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KSU Foundation

A generous bequest from former Manhattan, Kan., resident and U.S. Air Force Marine Wayne McIntosh will benefit the construction of the K-State Welcome Center. (Photo: KSU Foundation)
Bequest will benefit K-State Welcome Center
A retired U.S. Air Force colonel who died in 2012 has provided a $5 million gift to Kansas State University through his trust.

The generous bequest from former Manhattan, Kan. resident Wayne McIntosh will benefit construction of the K-State Welcome Center and multicultural initiatives.

McIntosh was a native of Ramona, Kan. He earned a bachelor’s degree in general sciences from K-State in 1938 and a master’s degree in education in 1939. While in college, he was in the ROTC program and played trumpet in the marching band. He joined the U.S. Air Force in 1941, serving in World War II and flying over Omaha Beach in Normandy, France on D-Day in 1944. His 30-year military career ended with retirement as a colonel, having earned the Legion of Merit, Air Force Commendation Medal, Air Medal and seven campaign medals. Relatives say McIntosh’s fondest career memory was serving as copilot for Gen. Chuck Yeager’s flight which broke the sound barrier in 1947.

After military retirement, McIntosh returned to Manhattan and worked for 10 years for the Kansas State University Division of Continuing Education. A travel enthusiast, he visited all 50 states and five continents during his lifetime.

To read more about McIntosh, click here

K-State graduate brightens lives of those with kidney failure
For patients with kidney failure, treatment can be long, emotionally tough, and downright boring, but Jamie Ansley, recent master’s graduate in theater with a concentration in drama therapy, is trying to make those obstacles easier to overcome.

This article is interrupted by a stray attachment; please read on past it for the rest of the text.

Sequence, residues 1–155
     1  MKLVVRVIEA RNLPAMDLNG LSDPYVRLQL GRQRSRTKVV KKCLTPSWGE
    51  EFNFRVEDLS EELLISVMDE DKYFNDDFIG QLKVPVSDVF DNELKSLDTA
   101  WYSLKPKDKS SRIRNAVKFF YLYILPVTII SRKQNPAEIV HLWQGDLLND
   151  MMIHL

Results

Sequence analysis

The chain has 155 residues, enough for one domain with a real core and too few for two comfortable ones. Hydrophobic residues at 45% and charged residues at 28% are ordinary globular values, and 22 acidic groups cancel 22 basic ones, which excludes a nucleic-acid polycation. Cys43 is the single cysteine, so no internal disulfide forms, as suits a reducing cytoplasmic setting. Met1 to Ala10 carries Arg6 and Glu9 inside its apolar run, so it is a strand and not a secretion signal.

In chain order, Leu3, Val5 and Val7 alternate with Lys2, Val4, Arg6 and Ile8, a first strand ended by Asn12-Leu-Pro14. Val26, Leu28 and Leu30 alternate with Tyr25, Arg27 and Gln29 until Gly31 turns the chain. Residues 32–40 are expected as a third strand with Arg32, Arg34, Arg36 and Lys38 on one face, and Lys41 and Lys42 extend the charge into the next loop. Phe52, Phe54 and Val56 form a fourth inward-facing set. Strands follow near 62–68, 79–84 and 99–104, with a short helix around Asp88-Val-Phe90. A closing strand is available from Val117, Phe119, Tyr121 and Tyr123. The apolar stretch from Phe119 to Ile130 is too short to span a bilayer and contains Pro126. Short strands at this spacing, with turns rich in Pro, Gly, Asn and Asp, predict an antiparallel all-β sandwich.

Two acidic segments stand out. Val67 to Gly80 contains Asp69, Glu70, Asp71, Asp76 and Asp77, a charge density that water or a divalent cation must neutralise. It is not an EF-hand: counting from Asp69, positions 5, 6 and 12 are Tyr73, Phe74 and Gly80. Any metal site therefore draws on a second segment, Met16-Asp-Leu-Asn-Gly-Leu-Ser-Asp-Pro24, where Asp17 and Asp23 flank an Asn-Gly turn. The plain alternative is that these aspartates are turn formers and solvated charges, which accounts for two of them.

During her time at Kansas State University, Ansley explored the effects of drama therapy on hemodialysis patients. She was among the first in the world to study such a topic, and current graduate students are continuing to build upon her research today.

Ansley, a former professional hospital clown, has a family member who will soon be receiving dialysis treatments — the treatment for kidney failure uses a machine that filters toxins from blood, and then returns clean blood to the body. Patients tend to have a lot of time on their hands because they must follow a strict treatment schedule and typically visit the clinic two or three times a week for up to four hours per visit.

“I learned that dialysis centers generally provide a tiny little TV, and they have to sit in a chair for hours,” said Ansley. “They don’t have a lot of engagement during their treatment, and because they have to have it the rest of their lives, it can be depressing for the patient.”

Ansley started working with patients at a Manhattan clinic, where she would provide pictures, games, guided imagery and music. She asked questions to help patients verbally improvise a scene, story or character. Some patients created a detective character, and story themes included death, loneliness and friendship.

To learn more about Ansley and her work with dialysis patients, click here.

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